Charlie Sheen tried to look contrite, even gracious as he wished the best to his former “Two and a Half Men” colleagues at Sunday’s Emmys.
Had he flipped to NBC at that very moment — where Michael Vick, who served prison time for his role in a brutal dogfighting ring, was passing for 242 yards against his old team, Atlanta — he probably needn’t have bothered.
Sadly, the newly apologetic Charlie 2.0 — who bore little resemblance even to the version featured on Monday’s pre-taped Comedy Central roast — appeared much less interesting than the one whose much-publicized meltdown mutated him into an ex-“Men” man. His belated attempt to mend fences reeked of a publicity stunt by Emmy organizers, providing the star a platform to pretty transparently announce (reading between the lines), “I’m insurable! It’s safe to hire me!”
Yet if Vick’s $100-million deal with the Philadelphia Eagles proves anything, it’s that bad behavior isn’t as deleterious to a career these days as it’s often perceived to be. Being fodder for latenight comics, in fact, is just another way of garnering attention amid a crowded media landscape — a shorthand means for marketing departments to knife through the clutter.
In this context, crisis really does yield opportunities, and explains why proven players are as hard to keep sidelined in entertainment as in sports. An entire sub-strata has emerged devoted to cashing in on such oddities, which began with VH1’s so-called “celebreality” block and spread to other channels.
The media have a way of conflating those “comebacks” into litmus tests regarding the public’s level of forgiveness, which is understandable, if wholly misguided.
Attempts to ascribe stars’ viability to “the public mood” no longer really applies, since a plethora of options has fragmented the marketplace into a horde of mini-publics. As such, Sheen or Vick can have sizable contingents — perhaps even majorities — who disapprove of them and still be attractive to cable networks that need only reach a few million viewers, or sports franchises whose loyal fans despise losing to the Redskins more than they hate someone murdering dogs.
As a consequence, pride might goeth before the fall, but said fall can have a softer-than-expected landing. And while it’s easy to fault Hollywood for doing business with awful people, let’s not completely spare a society — or at least profitable segments of it — that no longer differentiates between fame and notoriety.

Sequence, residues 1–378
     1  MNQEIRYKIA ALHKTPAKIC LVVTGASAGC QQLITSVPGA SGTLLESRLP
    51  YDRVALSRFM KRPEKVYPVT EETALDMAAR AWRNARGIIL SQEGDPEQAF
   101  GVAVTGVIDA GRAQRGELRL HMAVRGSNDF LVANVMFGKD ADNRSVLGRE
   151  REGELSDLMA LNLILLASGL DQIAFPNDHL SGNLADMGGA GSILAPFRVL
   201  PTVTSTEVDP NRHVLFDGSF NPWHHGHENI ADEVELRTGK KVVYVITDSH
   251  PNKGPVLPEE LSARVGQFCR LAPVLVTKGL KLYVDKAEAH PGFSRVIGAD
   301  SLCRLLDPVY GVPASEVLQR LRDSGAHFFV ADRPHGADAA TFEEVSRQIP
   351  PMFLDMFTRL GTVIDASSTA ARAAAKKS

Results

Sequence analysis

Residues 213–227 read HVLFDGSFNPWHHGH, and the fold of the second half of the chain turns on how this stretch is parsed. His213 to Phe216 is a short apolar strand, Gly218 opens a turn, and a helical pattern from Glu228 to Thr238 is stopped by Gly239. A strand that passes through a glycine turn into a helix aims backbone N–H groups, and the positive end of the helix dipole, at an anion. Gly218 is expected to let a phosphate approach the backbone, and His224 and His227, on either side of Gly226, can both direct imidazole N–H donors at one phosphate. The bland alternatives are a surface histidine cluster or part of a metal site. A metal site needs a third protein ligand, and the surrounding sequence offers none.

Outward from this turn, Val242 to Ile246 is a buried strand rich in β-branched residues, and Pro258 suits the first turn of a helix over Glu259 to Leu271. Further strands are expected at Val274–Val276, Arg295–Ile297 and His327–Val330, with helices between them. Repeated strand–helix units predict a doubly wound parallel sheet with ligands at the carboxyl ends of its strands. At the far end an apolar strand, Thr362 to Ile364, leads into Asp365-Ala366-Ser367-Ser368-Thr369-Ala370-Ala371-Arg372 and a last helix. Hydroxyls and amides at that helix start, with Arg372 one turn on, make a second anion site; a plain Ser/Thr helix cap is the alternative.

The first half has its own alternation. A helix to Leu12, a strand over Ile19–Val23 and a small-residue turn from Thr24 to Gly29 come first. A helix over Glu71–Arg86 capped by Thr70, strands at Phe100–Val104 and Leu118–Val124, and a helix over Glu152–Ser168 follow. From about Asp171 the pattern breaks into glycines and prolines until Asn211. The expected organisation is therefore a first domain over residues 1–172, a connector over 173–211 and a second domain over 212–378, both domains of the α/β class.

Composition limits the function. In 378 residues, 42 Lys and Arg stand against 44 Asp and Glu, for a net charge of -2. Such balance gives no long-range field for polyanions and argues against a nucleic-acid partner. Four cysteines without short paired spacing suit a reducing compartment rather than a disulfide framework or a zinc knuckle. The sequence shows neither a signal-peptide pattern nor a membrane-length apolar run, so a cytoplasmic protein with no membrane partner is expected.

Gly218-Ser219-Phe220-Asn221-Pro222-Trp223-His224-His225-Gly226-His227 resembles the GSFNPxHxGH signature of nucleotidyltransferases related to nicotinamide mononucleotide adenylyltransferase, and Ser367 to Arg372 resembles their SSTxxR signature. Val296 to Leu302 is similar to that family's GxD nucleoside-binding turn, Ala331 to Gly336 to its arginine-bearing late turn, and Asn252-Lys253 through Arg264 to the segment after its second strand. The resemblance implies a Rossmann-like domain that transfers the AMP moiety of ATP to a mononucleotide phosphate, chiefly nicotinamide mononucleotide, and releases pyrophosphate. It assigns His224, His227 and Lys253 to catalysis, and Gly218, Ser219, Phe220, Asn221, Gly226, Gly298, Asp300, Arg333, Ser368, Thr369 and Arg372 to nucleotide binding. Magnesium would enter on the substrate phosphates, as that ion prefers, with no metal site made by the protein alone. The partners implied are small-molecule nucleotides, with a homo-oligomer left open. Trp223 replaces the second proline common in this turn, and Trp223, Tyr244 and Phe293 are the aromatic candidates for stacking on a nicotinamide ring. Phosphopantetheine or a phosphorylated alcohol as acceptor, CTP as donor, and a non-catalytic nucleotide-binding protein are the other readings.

Just think of all the celebrities now who are widely known but not particularly liked or admired, from the Hollywood Hills to the Jersey shore.
“That isn’t necessarily a bad thing” from a marketing perspective, said Henry Schafer, exec VP of the Q Scores Company, which measures attitudes toward personalities and brands by weighing their familiarity as well as positive or negative feelings toward them. “They stir emotions.”
Schafer noted there have always been widely known entertainment figures who simultaneously inspire lots of hostility — Howard Stern, Madonna, Roseanne Barr — but added, “It may seem like it’s more extreme now because of the explosion of reality shows.”
Indeed, unscripted television has almost certainly contributed to this climate, as networks regularly hop into bed with people of dubious character precisely because they know those attributes help them “pop” on TV — just as magazines and websites chronicle every aspect of their lived-under-the-microscope lives.
Comedy Central’s Sheen event nevertheless seemed to violate the fundamental spirit of roasts, which usually involve somebody ripe for ridicule but deserving of praise. There’s a key difference between “William Shatner, what a hammy actor” or “Pamela Anderson, look at that body” and “Charlie Sheen, hey, he lost custody of his kids and maybe abused women.”
What’s next, “That Mel Gibson — boy, he sure sounds anti-Semitic when he’s drinking, eh?”
Given that Sheen has once again become more famous for being a nonsense-spouting wild man than an actor, he actually might want to think twice, professionally speaking, about disembarking his “crazy train” just yet.
Then again, like so much in Hollywood, the rationale for hiring people with questionable backgrounds can point to roots in “The Godfather” — the part where Michael Corleone says, “It’s not personal. It’s just business.”
Want to comment or suggest a column topic?